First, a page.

I always like the idea of a scary movie but then half way through I am closing my eyes and cringing… I should probably learn but there is a certain thrill to being scared of something that you know deep down is not a real danger. However with sad movies or just gratuitously violent movies I draw the line- there are enough sad and terrible things in this world, why would I pay money to watch that and feel the melancholy afterwards? I already get the Times and Post.

    September 13, 2013/Reply
  7. Dolly says:

    “… I hate being scared and I definitely don’t find any of the traditional tools of fright to be entertaining.”

    Agreed. I also don’t understand HOW the traditional tools of fright CAN BE entertaining.

    I have a self-imposed ban on watching anything remotely scary. A perfect example of why this ban exists is what happened the night I watched “The Exorcism of Emily Rose.” If you’ve seen the movie, you know the main character gets possessed by a demon at 3AM. I watched the movie before going to bed, but was not especially creeped out until I woke up a few hours later exactly at 2:59AM. I was convinced my demonic possession was imminent and did not move a muscle until exactly 4:01AM (after “the witching hour” was over), at which time I sprang from bed, turned on all the lights in my bedroom, turned on the Christian radio station, and read my Bible until my alarm went off. This was like, a year or more ago. And these days, if I happen to wake up around 3AM, I still have a small panic and usually end up sleeping with my Bible.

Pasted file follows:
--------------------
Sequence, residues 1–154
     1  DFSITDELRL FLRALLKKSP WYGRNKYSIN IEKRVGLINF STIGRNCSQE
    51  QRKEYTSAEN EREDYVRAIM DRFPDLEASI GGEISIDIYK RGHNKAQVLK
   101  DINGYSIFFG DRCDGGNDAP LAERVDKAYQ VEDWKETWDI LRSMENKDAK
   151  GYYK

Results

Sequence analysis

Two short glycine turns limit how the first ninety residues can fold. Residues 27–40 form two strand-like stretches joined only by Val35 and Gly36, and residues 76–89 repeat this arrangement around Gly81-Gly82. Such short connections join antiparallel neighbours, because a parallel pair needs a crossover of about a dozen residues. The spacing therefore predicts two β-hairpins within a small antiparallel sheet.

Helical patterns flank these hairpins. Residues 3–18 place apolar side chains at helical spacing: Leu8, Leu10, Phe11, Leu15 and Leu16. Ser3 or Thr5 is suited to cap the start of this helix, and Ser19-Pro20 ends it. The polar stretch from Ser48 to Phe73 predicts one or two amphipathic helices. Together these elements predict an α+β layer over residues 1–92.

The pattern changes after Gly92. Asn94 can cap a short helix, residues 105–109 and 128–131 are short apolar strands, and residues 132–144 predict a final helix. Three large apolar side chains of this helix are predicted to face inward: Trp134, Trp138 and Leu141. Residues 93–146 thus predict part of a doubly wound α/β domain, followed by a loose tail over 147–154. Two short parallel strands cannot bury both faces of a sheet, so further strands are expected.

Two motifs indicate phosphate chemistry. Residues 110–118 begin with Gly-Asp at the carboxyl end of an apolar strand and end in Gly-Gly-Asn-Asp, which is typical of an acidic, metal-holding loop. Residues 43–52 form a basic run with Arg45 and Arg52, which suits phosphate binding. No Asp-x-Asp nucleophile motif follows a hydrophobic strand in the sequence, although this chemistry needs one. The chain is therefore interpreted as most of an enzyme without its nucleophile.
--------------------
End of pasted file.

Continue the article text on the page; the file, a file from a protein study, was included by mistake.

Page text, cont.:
That said, I do love a good ghost tour. I can’t explain that. At all.

    September 13, 2013/Reply
    • mk says:

      I had to laugh–not at you, but with you. I had exactly the same experience! I still don’t look at my clock when I wake up in the middle of the night 🙂

      I used to watch all of the slasher movies and still find them fun to watch around Halloween, which is one of my favorite holidays. But I think the torture porn is not clever, just disgusting and horrifying. And the level of psychological fear that the demon/possession movies create is too much–too real-seeming–but maybe that’s due to my religious background as well.

      September 14, 2013/Reply
  8. Emily says:

    I HATE scary entertainment with 2 exceptions: The Walking Dead and shark movies. I love them both!

    September 13, 2013/Reply
  9. KRF says:

    I love this post! I also do not share a love of Halloween and anything scary (I cracked up at the Christmas spirit comment). I still have not recovered from a sleepover I attended in the 6th grade when the movie “Pet Cemetary” was rented. I tried to get over my fear of scary movies when the “Scream” series came out and found myself equally terrified even though I they were supposed to be tongue and cheek type films! Thanks Belle

    September 13, 2013/Reply
  10. lhh says:

    I don’t like scary, violent or sad movies; I’m a PG-13 kind of girl.

    September 13, 2013/Reply
  11. GA says:

    I’ll admit it: I’m a horror junkie. So is my fiance. In fact, we have a Friday the 13th date to see Insidious 2 tonight. We love Halloween, we love scary movies, and I also play horror video games. They’re more immersive, and therefore more effective. Kind of like drugs, maybe? It takes a bigger dose each time to get a sufficient response? My fiance actually draws the line at these, because in his words, “After a certain point, it’s just psychological torture.” Touche.